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Kelly Gang folklore clanks ever onwards

By Ian MacFarlane
Bushranger Ned Kelly belongs to Australia, doesn’t he? You might think so, but Australians are surprised to find that there is interest in Ned Kelly far beyond our shores. There are quite a few UK titles from the past, and Australian volumes about him turn up on US book sites all the time.

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London’s Burning!

Today we are celebrating the UK publication of The Day Parliament Burned Down, in which the dramatic story of the nineteenth century national catastrophe is told for the first time. In this blog post, author Caroline Shenton presents the top ten London fires that have changed the face of the capital city.

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Barry Landau and the grim decade of archives theft

By Travis McDade

Ten years ago, responding to $200,000 worth of thefts by curator Shawn Aubitz, United States Archivist John Carlin said he had “appointed a high-level management task force to review internal security measures” at the National Archives. “A preliminary set of recommendations are under review and a number of new measures are already in place.” Four years later, an unpaid summer intern smuggled 160 documents out of the very same Archives branch. His only tool was a yellow legal pad.

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The Sack of Rome

This Day in World History
On May 6, 1527, a mass of German Lutheran and Spanish Catholic troops—unlikely allies—reached Rome angry at being unpaid for months and resentful of the riches of the papacy. As the soldiers—by now a rampaging mob—entered the Vatican, Pope Clement VII was saying a mass in the Sistine Chapel. With Swiss Guards being slaughtered in St. Peter’s Square, the pope was hustled away to safety in the stout Castel Sant’Angelo. And the sack of Rome was on.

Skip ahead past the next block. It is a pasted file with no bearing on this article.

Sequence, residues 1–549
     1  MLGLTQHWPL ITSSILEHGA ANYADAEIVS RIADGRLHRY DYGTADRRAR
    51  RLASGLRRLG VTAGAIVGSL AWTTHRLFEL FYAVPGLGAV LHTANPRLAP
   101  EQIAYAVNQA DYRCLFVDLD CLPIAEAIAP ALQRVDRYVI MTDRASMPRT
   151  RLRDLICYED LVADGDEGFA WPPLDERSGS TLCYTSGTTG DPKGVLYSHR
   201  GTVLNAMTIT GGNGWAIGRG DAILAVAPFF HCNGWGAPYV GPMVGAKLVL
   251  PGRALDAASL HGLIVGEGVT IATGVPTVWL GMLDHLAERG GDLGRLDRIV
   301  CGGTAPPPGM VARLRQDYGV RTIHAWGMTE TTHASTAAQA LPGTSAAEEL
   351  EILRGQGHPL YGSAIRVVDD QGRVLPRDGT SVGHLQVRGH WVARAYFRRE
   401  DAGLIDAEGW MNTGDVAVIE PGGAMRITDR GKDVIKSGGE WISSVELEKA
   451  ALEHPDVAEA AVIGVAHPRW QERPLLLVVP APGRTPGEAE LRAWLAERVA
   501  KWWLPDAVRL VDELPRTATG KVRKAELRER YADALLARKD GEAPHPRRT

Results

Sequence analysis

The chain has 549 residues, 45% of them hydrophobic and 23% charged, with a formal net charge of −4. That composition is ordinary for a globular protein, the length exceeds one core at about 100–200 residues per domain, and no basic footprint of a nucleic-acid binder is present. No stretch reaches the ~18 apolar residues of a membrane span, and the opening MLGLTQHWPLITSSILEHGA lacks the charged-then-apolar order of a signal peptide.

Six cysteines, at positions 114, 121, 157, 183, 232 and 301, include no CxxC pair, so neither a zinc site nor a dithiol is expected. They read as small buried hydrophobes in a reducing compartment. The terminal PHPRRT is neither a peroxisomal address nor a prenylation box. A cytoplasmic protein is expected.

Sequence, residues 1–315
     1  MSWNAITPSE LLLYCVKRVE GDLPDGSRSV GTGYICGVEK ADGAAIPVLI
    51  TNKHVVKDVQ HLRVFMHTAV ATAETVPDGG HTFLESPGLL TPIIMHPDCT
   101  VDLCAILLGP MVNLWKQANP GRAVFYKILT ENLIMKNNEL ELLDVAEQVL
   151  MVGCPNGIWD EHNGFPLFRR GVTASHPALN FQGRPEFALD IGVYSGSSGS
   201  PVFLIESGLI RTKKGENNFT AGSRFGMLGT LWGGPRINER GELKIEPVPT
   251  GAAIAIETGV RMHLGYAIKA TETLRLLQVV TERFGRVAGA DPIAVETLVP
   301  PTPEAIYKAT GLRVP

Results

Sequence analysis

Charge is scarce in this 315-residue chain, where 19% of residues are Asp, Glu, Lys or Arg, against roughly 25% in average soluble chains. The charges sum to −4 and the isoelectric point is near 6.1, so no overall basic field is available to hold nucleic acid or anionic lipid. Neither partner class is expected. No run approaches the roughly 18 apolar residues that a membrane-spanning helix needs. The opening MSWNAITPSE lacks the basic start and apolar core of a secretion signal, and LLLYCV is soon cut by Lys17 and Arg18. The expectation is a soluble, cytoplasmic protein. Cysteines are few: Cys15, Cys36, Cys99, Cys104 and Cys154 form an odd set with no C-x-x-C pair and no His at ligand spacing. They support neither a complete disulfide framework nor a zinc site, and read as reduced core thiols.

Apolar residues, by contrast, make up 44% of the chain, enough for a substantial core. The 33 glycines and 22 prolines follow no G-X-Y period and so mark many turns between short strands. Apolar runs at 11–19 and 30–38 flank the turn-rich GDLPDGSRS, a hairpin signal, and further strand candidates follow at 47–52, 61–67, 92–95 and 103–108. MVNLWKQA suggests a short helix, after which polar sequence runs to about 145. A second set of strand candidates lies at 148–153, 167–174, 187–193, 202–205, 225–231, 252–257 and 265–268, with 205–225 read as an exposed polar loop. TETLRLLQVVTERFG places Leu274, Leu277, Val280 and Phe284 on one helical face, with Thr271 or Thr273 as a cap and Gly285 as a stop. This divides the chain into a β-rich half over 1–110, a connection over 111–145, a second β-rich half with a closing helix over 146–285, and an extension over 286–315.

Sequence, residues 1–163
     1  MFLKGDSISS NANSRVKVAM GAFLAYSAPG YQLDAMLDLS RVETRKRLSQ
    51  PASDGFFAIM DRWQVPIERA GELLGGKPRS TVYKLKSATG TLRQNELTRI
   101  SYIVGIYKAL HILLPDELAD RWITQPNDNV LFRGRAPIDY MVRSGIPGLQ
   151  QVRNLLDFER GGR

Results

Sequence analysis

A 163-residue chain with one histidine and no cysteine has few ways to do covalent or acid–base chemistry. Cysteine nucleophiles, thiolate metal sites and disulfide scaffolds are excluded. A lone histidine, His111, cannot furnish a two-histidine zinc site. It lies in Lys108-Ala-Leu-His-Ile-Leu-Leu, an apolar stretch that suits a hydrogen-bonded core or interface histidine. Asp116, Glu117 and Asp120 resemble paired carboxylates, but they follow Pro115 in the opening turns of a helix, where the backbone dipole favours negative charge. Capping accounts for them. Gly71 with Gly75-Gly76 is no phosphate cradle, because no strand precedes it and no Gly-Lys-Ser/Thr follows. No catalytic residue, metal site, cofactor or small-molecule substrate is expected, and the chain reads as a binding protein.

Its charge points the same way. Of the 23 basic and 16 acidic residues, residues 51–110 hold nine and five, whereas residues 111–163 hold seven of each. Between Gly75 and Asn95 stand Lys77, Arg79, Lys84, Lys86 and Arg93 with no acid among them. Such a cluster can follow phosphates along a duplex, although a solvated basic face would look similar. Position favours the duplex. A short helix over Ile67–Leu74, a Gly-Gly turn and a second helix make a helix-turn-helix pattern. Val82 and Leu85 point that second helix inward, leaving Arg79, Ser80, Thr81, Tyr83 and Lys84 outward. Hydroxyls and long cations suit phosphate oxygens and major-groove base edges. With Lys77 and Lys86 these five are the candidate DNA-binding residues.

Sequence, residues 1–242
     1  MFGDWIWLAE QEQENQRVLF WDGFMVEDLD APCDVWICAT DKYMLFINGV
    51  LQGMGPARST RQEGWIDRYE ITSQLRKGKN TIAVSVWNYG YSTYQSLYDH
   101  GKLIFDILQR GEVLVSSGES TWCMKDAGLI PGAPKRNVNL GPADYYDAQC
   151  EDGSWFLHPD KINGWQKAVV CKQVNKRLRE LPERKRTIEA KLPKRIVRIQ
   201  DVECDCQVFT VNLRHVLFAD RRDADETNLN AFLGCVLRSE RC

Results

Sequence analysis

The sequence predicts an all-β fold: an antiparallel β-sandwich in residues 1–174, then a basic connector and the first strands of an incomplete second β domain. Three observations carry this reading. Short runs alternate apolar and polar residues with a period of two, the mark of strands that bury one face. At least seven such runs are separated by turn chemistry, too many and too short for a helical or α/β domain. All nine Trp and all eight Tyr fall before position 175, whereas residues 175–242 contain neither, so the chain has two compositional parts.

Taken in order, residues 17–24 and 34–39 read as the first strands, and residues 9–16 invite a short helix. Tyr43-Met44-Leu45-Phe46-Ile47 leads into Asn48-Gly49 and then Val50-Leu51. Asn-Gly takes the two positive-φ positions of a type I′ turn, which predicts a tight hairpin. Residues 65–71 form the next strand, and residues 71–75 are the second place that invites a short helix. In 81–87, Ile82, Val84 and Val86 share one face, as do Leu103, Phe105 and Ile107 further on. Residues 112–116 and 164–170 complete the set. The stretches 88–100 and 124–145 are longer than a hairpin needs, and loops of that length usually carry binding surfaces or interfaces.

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Why are Russians attracted to strong leaders?

By Geoffrey Hosking
After a decade of a chaotic but exhilarating democracy in the 1990s, Putin as president and prime minister has been restoring a strong state. At least, that is how we usually understand it. He has certainly restored an authoritarian state. On assuming office in 2000, he strengthened the ‘power vertical’ by ending the local election of provincial governors and sending in his own viceroys – mostly ex-military men – to supervise them. Citing the state’s need for ‘information security’, he closed down or took over media outlets which exposed inconvenient information or criticised his actions. Determined opponents were bankrupted, threatened, arrested, even murdered. He subdued the unruly Duma (parliament) by making it much more difficult for opposition parties to register or gain access to the media, and by encouraging violations of electoral procedure at the polls. Until recently, the Russian public seemed to accept this as part of the natural order.

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Roger Williams & Church-State Separation

These days, separation of church and state is in danger of becoming a hollow cliché. And on other days, it has been in danger of being regarded as a communist plot or, more recently, as a secularist one.

A look back at the life of the seventeenth-century founder of Rhode Island corrects these misunderstandings as well as gives a passionate freshness to the whole subject. Roger Williams was no communist, no secularist, and above all no huckster of empty slogans.

He was a deeply religious believer, in some ways even more religious than the Puritans who ejected him from Massachusetts in 1635. And he advocated religious liberty not because religion mattered so little but because it mattered so much.